A station that signs on with the company gets the services of Baden, Edwards or any of Metro's 40 other reporters for free. What's more, Metro's reporters tailor their reports to sound as if they're coming from the station's very own "traffic center" (the pseudonyms preserve the illusion of exclusivity).

In exchange, Metro gets 10 seconds of each report for its own use. The company sells those 10-second snippets -- thousands of them a year -- to sponsors (it won't discuss how much it sells the time for). The arrangement "sure beats having to spend your station's money to put up a [traffic] helicopter," says Jim Russ, Metro's operations director.

Metro does marshal some formidable resources. During a typical rush hour, it has three planes circling above the traffic, a couple of cruising mobile units, a wall of police radios and access to dozens of government traffic cameras arrayed at key points around the region. Metro operates its own cameras, too, including one atop the Willard Hotel in downtown Washington that can pan, tilt and zoom down to street level via remote control.

What it lacks in glamour, traffic reporting makes up for in immediacy and utility. More so than even the weather, traffic broadcasts are the ultimate news you can use. Is there anything more satisfying than learning about a tie-up in time to avoid? There's even something satisfying about hearing about the jam you're part of. It's a comfort, however small, to have your miserable reality confirmed by Lisa Baden or Julie Wright.

"Traffic is the biggest single thing we hear about from our listeners," says Jim Farley, WTOP's vice president of news and programming. "There's an urgency about getting that information. You get in your car, you want to know what's in front of you. And you want that information as fast as you can get it."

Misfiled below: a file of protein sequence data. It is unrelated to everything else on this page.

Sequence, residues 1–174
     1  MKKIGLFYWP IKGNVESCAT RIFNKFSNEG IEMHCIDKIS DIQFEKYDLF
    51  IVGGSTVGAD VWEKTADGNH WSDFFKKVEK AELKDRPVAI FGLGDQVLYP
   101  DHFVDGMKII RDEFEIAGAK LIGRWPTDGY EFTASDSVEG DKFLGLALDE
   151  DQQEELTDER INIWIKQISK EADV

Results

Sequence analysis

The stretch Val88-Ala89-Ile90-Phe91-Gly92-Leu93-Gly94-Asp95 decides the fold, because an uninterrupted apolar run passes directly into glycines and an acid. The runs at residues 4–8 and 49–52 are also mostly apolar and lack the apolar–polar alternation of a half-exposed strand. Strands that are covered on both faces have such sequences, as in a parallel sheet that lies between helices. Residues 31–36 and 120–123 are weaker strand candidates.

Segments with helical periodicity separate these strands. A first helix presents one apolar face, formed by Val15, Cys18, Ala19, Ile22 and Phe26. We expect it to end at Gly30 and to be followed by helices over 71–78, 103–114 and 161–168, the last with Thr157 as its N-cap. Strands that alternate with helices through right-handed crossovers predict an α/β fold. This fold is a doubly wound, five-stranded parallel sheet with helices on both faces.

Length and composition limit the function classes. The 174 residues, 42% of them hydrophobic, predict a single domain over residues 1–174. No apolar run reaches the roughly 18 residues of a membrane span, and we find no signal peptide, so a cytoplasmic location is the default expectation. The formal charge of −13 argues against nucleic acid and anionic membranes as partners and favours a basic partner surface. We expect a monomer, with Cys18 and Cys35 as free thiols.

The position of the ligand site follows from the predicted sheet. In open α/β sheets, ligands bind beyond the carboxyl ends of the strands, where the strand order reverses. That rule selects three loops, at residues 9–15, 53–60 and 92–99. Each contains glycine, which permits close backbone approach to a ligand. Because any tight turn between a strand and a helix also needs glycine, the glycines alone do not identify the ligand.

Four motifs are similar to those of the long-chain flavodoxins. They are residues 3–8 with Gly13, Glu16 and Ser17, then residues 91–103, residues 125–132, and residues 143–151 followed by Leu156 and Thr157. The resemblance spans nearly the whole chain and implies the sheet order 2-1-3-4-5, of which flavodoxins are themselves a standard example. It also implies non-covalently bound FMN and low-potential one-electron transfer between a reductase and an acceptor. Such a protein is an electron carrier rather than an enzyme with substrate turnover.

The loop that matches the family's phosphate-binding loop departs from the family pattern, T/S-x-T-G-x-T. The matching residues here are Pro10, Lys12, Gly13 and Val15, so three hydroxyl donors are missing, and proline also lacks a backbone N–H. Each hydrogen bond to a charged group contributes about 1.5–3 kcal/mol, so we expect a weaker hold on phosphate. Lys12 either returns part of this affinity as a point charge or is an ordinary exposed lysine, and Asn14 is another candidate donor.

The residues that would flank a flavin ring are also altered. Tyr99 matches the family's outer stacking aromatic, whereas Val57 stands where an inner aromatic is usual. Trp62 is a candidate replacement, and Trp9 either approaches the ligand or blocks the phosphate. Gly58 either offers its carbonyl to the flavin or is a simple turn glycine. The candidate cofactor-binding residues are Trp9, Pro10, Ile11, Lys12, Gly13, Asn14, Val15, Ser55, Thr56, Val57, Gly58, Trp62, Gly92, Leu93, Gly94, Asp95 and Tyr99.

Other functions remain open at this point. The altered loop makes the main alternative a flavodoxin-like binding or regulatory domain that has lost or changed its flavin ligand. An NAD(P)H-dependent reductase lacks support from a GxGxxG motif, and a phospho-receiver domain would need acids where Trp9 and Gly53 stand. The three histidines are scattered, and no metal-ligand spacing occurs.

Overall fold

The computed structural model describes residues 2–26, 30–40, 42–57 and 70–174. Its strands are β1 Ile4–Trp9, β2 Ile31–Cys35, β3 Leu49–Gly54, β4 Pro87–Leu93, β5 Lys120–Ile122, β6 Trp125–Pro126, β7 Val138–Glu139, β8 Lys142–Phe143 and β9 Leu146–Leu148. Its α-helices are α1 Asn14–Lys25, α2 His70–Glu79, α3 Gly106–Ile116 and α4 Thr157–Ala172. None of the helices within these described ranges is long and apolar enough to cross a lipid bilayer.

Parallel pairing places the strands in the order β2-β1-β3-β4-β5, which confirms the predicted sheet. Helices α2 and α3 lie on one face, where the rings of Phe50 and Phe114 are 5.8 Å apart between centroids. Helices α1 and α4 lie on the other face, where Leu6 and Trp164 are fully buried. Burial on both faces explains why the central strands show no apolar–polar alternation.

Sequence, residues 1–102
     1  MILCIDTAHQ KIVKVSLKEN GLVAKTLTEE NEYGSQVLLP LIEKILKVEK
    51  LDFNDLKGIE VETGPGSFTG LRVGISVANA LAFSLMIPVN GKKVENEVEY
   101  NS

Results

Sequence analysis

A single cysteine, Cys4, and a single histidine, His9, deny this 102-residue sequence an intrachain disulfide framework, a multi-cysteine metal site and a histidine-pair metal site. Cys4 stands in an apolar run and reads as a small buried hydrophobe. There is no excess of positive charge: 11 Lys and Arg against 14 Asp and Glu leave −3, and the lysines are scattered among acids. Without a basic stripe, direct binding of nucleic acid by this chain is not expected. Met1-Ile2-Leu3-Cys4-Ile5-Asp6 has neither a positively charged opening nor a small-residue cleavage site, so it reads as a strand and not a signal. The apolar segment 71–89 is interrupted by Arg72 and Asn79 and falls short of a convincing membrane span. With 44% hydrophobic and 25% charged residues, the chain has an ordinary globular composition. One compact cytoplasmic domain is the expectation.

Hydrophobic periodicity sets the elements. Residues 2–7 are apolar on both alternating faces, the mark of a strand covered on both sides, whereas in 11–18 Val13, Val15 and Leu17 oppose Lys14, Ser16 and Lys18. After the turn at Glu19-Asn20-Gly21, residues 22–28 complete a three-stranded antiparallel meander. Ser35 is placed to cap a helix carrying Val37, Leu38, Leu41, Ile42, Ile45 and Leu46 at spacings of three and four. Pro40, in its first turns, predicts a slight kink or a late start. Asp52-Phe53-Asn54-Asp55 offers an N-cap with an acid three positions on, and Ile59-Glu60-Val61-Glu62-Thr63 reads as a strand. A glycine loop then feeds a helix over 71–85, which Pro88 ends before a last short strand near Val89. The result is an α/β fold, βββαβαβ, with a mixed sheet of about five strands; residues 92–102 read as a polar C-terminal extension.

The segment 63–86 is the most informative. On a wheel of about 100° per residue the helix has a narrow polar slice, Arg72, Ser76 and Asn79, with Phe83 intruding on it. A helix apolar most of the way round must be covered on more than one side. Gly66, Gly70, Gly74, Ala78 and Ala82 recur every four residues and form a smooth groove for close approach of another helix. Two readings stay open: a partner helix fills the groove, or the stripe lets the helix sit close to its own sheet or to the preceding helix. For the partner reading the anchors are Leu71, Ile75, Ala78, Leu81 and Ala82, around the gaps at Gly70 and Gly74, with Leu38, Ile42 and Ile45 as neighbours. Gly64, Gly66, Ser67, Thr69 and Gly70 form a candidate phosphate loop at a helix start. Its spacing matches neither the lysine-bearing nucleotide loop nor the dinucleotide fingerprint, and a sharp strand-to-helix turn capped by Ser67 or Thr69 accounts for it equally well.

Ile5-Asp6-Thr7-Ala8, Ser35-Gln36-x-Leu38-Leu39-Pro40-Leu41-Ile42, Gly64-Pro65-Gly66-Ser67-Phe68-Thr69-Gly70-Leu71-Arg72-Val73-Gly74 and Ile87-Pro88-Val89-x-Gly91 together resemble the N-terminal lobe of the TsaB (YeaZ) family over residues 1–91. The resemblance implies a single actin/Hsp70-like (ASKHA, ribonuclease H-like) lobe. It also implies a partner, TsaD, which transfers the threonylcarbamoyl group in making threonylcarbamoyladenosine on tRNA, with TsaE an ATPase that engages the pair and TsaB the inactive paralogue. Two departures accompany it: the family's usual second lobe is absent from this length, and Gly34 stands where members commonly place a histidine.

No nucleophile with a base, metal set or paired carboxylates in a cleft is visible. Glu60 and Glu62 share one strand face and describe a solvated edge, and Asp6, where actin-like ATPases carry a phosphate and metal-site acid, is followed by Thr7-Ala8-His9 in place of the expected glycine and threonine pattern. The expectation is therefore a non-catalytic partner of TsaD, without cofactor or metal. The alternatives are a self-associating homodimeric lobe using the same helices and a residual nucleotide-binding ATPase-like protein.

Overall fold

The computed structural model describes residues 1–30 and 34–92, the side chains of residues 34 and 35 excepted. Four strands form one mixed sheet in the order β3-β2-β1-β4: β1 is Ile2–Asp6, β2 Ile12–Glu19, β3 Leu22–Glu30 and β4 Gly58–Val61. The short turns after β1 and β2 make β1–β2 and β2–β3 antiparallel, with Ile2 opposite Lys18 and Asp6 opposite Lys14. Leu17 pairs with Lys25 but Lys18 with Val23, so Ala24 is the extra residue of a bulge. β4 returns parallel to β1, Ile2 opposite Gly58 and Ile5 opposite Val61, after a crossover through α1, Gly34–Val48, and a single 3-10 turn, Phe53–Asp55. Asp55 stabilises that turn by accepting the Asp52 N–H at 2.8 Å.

WTOP practically saturates its listeners with traffic news, offering reports every 10 minutes around the clock, 24 hours a day, every day. During rush hour, this makes WTOP extraordinarily popular. The station has led the ratings during morning drive hours in four of Arbitron's last five quarterly surveys -- with a whopping 20 percent advantage over its closest competitor during the last period. Says Farley, "Lisa is responsible for a good part of our success."

The constant demand for up-to-the-second data imposes a grueling schedule on Baden and her fellow Metro stars. To beat the rush hour that she'll be reporting on, Baden leaves her home in southern Anne Arundel County each morning by 3:45. She's working almost literally from the time she hits the road in her Honda CRV; her car is equipped with a two-way radio that connects Baden to her office, just in case she spies trouble during her 50-minute commute. (She often drives, she confesses, "far above the speed limit.")

Even at 5 in the morning -- or maybe especially at 5 in the morning -- Metro's newsroom is percolating with deadline energy. The noise -- squawking scanners, reporter talk -- is constant. Russ presides over the scene like a Starfleet commander, from a long desk in the middle of the main room. He's the pivot man, monitoring the official police and fire sources and relaying the goods to Baden and other reporters, who sit nearby.

This morning, a Friday, things are droning along predictably -- the usual three-mile backups in the usual places -- when Russ swivels and declares to no one in particular, "University near Caddington. One overturned. Possible trapped passenger." It's an electric shock. Everyone knows instantly what this means: A car has flipped over in Wheaton. Big news.

Within seconds, the alert is being read over the air. According to the dark humor of the newsroom, such mishaps aren't just commuter calamities. They're Metro's bread and butter. "When we hear something like that, we like to say, 'Job security!' " says Russ.

Russ is just one of the sources Baden pays attention to. There's so much information incoming that it takes professional cool not to be bewildered by it. Baden, for example, wears headphones that let her hear live feeds from the airborne and mobile units in one ear, and countdown cues from her stations in the other. She can also see live feeds from the traffic cameras, and a running scroll of "incidents" on her computer. (Typical entry: "Incident. 05:37 am. Va. St. Police. Accident. No. bound 95 at Pr. Wm. Pkway. Rt. lane. Truck and car. Police on way.")